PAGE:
Thoughts on Philosophy

I have hopes of being both a scientist and a philosopher. In my opinion, both subjects are an attempt to understand this world and how we stand in relation to it. Although humanity has yet to adopt the world view, it can at least expand our world view. This non-objective world view is the closest thing to reality or truth that we have, and I fervently wish to jump into the journey.

I’ve been met with a lot of praise for my interest in science, but not so much for my interest in philosophy. I was having a conversation with a friend of mine the other day on the subject of philosophy and its importance. This friend of mine is an aspiring physicist, and criticized the school of philosophy for not being very useful, as opposed to the school of science which has practical applications. He admitted that philosophy is interesting, but he claimed that was all there was to it. “It’s only food for thought,” he said. As I listened to him go on, I noticed how well reasoned his argument was and how much he reminded me of a philosopher.

In response I said, “Would you agree with me if I defined philosophy as a system in which one is very meticulous with both semantics and logic? If so, then you are as of right now philosophizing. You may find the work of some philosophers to be nothing more than word games (I sometimes do too), but you are in fact forming a critique of philosophy which is in itself a philosophy. And in the same way you tell creationists the only way to discredit science is with more science, I say unto you, the only way to discredit philosophy is with more philosophy.”

The conversation then led to the question of which is more useful; science or philosophy? We both agreed science is more useful if it is utility that is being measured, but that doesn’t render anything of lesser utility useless.

Philosophy is how we understand (or fail to understand) the nature of our existence. Like science, it tries to find an explanation for the tidbits of knowledge we’ve discovered. How we think shapes our condition, and if we have a vision for this world in mind, it only follows that we go about changing it to meet our desired goal in an effective way; by understanding our condition.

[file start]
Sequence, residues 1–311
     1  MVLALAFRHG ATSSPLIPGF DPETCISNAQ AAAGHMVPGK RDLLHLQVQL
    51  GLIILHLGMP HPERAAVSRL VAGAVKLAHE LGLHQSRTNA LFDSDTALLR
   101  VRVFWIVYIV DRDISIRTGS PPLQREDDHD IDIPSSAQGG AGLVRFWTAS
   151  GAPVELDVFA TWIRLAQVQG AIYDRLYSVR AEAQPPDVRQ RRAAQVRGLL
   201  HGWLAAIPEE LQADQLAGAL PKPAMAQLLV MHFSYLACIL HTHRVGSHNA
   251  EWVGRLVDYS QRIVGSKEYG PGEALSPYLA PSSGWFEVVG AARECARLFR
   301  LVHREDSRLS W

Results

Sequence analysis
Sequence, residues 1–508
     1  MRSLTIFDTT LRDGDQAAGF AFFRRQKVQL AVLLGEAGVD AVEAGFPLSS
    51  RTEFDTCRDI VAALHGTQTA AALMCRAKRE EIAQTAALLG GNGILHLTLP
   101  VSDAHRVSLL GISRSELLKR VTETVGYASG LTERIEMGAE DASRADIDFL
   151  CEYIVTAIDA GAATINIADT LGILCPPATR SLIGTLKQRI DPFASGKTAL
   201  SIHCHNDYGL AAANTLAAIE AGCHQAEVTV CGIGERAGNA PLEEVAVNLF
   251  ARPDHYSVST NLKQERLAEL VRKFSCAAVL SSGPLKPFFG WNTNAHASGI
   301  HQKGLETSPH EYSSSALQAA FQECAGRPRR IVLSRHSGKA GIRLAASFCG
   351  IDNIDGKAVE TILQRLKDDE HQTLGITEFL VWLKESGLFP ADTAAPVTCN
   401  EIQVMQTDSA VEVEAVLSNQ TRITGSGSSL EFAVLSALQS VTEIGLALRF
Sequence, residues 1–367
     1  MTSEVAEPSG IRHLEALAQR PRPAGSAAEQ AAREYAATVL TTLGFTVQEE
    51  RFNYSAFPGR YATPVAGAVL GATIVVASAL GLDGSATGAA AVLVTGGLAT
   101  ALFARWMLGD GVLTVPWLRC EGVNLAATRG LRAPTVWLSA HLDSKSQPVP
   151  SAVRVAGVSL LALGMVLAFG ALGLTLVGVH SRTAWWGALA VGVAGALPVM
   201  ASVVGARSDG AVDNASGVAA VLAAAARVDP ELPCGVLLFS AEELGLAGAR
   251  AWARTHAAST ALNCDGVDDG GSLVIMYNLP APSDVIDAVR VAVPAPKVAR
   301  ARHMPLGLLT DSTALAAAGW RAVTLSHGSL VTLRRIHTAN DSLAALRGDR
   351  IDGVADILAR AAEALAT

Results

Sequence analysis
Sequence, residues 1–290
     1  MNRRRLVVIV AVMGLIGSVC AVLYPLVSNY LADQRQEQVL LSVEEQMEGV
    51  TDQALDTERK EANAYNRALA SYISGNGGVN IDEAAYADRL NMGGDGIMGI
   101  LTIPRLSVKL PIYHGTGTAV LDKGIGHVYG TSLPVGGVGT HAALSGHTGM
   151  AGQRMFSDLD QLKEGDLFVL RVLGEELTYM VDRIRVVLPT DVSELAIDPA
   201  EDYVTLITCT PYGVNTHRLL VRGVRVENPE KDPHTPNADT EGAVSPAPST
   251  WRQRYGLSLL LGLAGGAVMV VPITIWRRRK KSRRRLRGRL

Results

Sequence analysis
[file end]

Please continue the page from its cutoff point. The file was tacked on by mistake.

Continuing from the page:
5 comments for “Thoughts on Philosophy

  1. Randstein
    April 5, 2015 at 9:33 pm

    A scientist that is not first and foremost a philosopher is no scientist at all, merely a modern technician. There is a big difference between real science and just serving technology with the use of scientific principles for objective study or to produce something. Basic research, which uses pure science to answer questions never asked and to solve problems without solutions must start with the the philosophical questions that govern the need to pursue an answer. Philosophy paves the way for humanity to learn and science is the tool that strives to prove an answer right or wrong. In both there must always be an error budget. When we fail to realize we might be wrong, we don’t ask those questions that lead us to new discoveries about ourselves and our physical world. We go down a dangerous path when we claim we are scientists and scoff at philosophy. Do both and you will leave your peers in the dust tinkering with some little widget for the next smartphone and calling it science.

  2. bethmoulder
    April 7, 2015 at 1:59 am

    There wouldn’t be science without philosophy (can there be science without ‘food for thought’? Don’t we need to philosophize to figure out what questions to ask and how to intelligently run experiments? Weren’t the first scientists philosophers? (logical fallacy)) and there couldn’t be philosophy without science (that’s blatant religion and/or faith). I’ve read scientific opinions of the uselessness of what the writer believes to be philosophy, but questions and dialogue matter. Philosophy is a means of theorizing and testing ideas (i.e., experimenting) via words to see what seems to be true. The point is -in both cases- to pursue and study the truth. There is a serious degree of questioning and imagination that goes into science, and an equally serious degree of experimentation that goes into philosophizing. I think they need each other (a continuum?), and to see otherwise is to argue over syntax, which is an extremely philosophical thing for a scientist to do. Both want the facts though, yes?I err on the side of science, and I understand very little, if not nothing, but I’d guess studying both will give you an interesting and very useful role in the world.

  3. Matthew Chiglinsky
    April 10, 2015 at 12:44 pm

    Major in science. Take philosophy courses as electives.

    Science is a job. Philosophy is a hobby.

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